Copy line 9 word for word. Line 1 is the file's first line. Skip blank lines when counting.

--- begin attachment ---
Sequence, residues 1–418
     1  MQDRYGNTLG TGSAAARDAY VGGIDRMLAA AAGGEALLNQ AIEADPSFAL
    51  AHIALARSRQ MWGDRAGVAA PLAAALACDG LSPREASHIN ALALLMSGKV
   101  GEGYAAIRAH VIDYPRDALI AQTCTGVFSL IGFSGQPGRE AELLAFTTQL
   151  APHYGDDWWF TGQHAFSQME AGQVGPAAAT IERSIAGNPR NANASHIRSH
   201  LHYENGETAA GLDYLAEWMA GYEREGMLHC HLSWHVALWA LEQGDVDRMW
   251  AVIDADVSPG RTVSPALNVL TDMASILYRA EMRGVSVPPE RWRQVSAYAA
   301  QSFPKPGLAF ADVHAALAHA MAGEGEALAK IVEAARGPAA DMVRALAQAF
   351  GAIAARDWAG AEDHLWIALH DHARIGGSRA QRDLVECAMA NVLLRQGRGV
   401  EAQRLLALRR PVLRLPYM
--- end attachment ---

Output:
   351  GAIAARDWAG AEDHLWIALH DHARIGGSRA QRDLVECAMA NVLLRQGRGV